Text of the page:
How can I translate a website?
Autor de la hebra: Toby Wakely

Toby Wakely  Identity Verified
España
Local time: 04:56
español al inglés
Feb 15, 2012

An aquaintance of mine has asked me to translate a website into English-I´ve never done this and I don´t know how to go about it.Can anybody tell me what I need to do?

 

Frank van Thienen (X)  Identity Verified
Canadá
Local time: 19:56
neerlandés al inglés
copy and paste Feb 15, 2012

twakely wrote:

An aquaintance of mine has asked me to translate a website into English-I´ve never done this and I don´t know how to go about it.Can anybody tell me what I need to do?


Based on the above I'm assuming you're not familiar with website management, so you have a couple of options:
if the website is relatively small (one or a few pages), copy and paste the text into a Word doc and translate it.
If there are many pages, I'd ask your friend to assemble the website in documents you can handle (your CAT may handle HTML, or else Word doc).
Either way, you don't mess with the website itself.

If he wants you to produce a finished translation ON the website, then that's another kettle of fish.

HTH
Frank


 

Fiona Gilbert Riley  Identity Verified
España
Local time: 04:56
español al inglés
+ ...
How? With vehement opening negotiating skills! Feb 15, 2012

Make it quite clear that you are a translator, and not a DTP specialist or anything else. You must receive the text to be translated in Word or similar as appropriate, no HTML format. And for preference, the original should already be on line for you to look at, since this will help you with some choices over translation.

Remember when pricing that you will be translating a lot of short sections, even single word ones, so up your prices to compensate for this since it will slow your
... See more
Make it quite clear that you are a translator, and not a DTP specialist or anything else. You must receive the text to be translated in Word or similar as appropriate, no HTML format. And for preference, the original should already be on line for you to look at, since this will help you with some choices over translation.

Remember when pricing that you will be translating a lot of short sections, even single word ones, so up your prices to compensate for this since it will slow your production down.
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Samuel Murray  Identity Verified
Países Bajos
Local time: 04:56
Miembro 2006
inglés al afrikaans
+ ...
Translating a web site Feb 16, 2012

twakely wrote:
An aquaintance of mine has asked me to translate a website into English. I've never done this and I don't know how to go about it. Can anybody tell me what I need to do?


* If you don't know how to code the web site yourself, you must tell your client about it, so that the client knows that he may be called upon to fix some issues.

* If the web site is in normal HTML, you can use a number of programs to translate it. Free programs include OmegaT and Stormdance CatsCradle.

* If the web site is in a dynamic format, then the author of the web site has to give you the translatable text in a format that you can translate -- it is not your duty to turn it into such a format.

* In all cases, the client should provide you the files to translate -- you should never download the site from the internet and translate it like that, otherwise you might miss things, or you might end up translating things that the client had intended to remove.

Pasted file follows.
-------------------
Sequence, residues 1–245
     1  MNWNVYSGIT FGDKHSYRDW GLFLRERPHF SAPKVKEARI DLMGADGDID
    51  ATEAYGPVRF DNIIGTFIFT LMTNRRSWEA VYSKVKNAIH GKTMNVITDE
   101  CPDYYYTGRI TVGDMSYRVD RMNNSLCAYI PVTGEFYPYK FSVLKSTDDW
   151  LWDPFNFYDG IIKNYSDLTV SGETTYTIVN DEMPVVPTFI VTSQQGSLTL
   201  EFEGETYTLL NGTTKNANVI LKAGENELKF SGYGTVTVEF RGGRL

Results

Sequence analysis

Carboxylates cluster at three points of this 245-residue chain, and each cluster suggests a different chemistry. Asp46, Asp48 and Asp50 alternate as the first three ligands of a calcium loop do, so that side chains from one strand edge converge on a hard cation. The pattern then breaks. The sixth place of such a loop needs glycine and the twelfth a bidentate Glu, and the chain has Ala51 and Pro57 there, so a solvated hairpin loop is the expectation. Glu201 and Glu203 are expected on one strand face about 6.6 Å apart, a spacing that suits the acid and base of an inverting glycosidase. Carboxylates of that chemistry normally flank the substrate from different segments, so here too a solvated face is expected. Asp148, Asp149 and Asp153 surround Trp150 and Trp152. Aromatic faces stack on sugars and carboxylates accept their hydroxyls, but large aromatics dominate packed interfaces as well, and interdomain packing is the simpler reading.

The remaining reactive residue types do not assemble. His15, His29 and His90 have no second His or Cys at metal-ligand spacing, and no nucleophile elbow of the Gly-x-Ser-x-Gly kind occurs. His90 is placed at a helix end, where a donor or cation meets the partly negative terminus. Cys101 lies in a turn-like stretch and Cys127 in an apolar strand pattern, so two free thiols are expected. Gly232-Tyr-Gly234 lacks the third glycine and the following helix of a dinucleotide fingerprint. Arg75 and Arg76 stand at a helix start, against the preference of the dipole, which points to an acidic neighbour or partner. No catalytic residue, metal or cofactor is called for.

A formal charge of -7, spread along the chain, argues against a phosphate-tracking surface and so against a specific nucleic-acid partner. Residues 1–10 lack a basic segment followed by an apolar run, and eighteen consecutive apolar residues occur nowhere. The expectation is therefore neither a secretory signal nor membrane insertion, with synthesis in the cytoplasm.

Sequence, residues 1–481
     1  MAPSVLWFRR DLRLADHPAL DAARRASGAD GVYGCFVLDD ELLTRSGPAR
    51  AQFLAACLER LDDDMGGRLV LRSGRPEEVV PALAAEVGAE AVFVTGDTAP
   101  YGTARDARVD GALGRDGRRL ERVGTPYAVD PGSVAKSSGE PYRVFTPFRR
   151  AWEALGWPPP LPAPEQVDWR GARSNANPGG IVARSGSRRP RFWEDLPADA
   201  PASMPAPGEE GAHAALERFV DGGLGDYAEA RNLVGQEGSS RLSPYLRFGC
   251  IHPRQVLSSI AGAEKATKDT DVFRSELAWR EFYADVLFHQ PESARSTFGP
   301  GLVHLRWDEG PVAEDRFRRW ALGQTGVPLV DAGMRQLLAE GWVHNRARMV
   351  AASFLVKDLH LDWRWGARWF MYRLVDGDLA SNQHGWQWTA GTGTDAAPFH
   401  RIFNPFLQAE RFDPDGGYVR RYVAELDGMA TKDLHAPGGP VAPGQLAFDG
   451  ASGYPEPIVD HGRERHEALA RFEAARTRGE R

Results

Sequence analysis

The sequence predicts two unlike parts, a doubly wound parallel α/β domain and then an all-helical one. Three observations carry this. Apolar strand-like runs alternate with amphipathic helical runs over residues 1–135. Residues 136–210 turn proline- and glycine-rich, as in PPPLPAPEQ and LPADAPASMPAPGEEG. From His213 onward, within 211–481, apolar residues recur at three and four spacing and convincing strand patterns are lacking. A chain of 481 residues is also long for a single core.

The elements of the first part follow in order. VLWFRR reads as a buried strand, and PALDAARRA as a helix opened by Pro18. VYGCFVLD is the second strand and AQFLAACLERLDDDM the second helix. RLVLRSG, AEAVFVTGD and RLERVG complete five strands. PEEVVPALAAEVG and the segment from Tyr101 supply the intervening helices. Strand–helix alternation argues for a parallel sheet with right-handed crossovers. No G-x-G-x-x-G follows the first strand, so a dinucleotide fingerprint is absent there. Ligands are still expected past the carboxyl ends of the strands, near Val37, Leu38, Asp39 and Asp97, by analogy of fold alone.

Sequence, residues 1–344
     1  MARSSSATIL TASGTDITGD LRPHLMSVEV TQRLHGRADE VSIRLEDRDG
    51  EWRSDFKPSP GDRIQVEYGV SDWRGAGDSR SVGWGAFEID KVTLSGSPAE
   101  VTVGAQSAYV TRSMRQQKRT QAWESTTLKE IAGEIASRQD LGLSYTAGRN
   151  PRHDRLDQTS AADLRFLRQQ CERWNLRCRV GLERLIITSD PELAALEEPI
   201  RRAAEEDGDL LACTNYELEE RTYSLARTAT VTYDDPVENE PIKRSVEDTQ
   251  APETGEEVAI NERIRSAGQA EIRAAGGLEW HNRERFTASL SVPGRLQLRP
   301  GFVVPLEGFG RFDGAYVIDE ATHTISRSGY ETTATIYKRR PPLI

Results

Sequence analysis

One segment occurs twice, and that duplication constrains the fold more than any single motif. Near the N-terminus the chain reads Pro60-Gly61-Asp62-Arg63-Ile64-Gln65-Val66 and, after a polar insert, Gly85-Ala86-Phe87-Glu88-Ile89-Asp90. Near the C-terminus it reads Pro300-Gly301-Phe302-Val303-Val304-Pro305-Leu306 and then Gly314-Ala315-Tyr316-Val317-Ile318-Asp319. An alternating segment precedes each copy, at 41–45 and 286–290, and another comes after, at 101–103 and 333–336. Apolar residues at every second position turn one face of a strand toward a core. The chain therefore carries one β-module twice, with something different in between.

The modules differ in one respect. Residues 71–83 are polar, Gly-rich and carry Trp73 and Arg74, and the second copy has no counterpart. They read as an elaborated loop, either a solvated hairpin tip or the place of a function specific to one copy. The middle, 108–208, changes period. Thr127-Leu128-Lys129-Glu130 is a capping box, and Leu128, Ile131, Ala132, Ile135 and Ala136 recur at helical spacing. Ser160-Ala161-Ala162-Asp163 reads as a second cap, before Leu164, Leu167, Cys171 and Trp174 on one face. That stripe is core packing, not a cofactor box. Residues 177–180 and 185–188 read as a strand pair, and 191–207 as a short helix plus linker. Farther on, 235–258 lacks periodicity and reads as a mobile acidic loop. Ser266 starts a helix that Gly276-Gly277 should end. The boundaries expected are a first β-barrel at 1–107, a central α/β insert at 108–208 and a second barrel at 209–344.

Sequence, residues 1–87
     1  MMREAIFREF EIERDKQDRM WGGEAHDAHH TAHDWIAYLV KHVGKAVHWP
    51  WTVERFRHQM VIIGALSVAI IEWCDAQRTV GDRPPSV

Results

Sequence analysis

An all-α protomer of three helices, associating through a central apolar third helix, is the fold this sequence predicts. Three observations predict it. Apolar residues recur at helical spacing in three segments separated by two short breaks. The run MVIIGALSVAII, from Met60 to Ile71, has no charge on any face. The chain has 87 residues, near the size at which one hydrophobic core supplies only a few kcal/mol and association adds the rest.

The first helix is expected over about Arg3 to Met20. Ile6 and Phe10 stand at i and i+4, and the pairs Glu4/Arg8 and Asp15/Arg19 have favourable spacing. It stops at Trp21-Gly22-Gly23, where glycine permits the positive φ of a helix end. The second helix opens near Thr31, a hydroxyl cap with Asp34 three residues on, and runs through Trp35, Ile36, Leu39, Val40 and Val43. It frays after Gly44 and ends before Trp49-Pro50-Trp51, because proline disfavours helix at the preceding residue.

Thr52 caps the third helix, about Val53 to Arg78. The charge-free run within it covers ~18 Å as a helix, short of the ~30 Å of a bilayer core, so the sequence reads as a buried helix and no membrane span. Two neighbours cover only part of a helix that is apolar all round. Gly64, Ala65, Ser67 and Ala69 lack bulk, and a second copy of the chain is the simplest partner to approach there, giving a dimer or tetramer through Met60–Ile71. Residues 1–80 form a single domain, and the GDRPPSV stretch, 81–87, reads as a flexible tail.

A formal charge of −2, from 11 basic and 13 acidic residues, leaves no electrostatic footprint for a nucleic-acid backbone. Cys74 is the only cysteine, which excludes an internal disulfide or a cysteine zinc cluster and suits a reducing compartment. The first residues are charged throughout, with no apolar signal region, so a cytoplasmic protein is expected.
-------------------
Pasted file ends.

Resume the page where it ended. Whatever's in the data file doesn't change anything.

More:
Alessandra Zuliani  Identity Verified
Italia
español al italiano
+ ...
Translating a web site in HTML Feb 16, 2012

As Samuel said there are many programs to translate web sites.

You should work in HTML because there are many contents that are not visible in the page and that must be translated and localized (they're a sort of backstage). I mean keywords, titles and contents of the links, images, etc.

As the other colleagues said it's very important to look at the original webpages when you translate.

When you count the words for your client you should count all the cont
... See more
As Samuel said there are many programs to translate web sites.

You should work in HTML because there are many contents that are not visible in the page and that must be translated and localized (they're a sort of backstage). I mean keywords, titles and contents of the links, images, etc.

As the other colleagues said it's very important to look at the original webpages when you translate.

When you count the words for your client you should count all the contents you translate, including not visible ones.

If you work in a Word document you can offer a good linguistic translation, but you will work in a different format ad miss some/many contents.

When I translate web sites I always work in HTML.

Good luck

(I don't work in English, so please forgive my mistakes)

[Modificato alle 2012-02-16 09:34 GMT]
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esperantisto  Identity Verified
Local time: 06:56
Miembro 2006
inglés al ruso
+ ...
LOCALIZADOR DEL SITIO
Offline browser Feb 16, 2012

An offline browser such as HTTrack can create a copy of website on your computer that can be translated. However, it’s not a solution for sites with dynamic contents and not a good solution generally. As advised by others, ask your acquaintance to provide you with the texts to translate, avoid dealing with (X)HTML markup.

 

Toby Wakely  Identity Verified
España
Local time: 04:56
español al inglés
PERSONA QUE INICIÓ LA HEBRA
thanks Feb 16, 2012

Alessandra, your English is pretty spot on-no need to apologize.

Thanks for your input-it´s been useful and forgive my ignorance, but what is meant by dynamic content?

In the meantime I´ll research the details of the site more.


 


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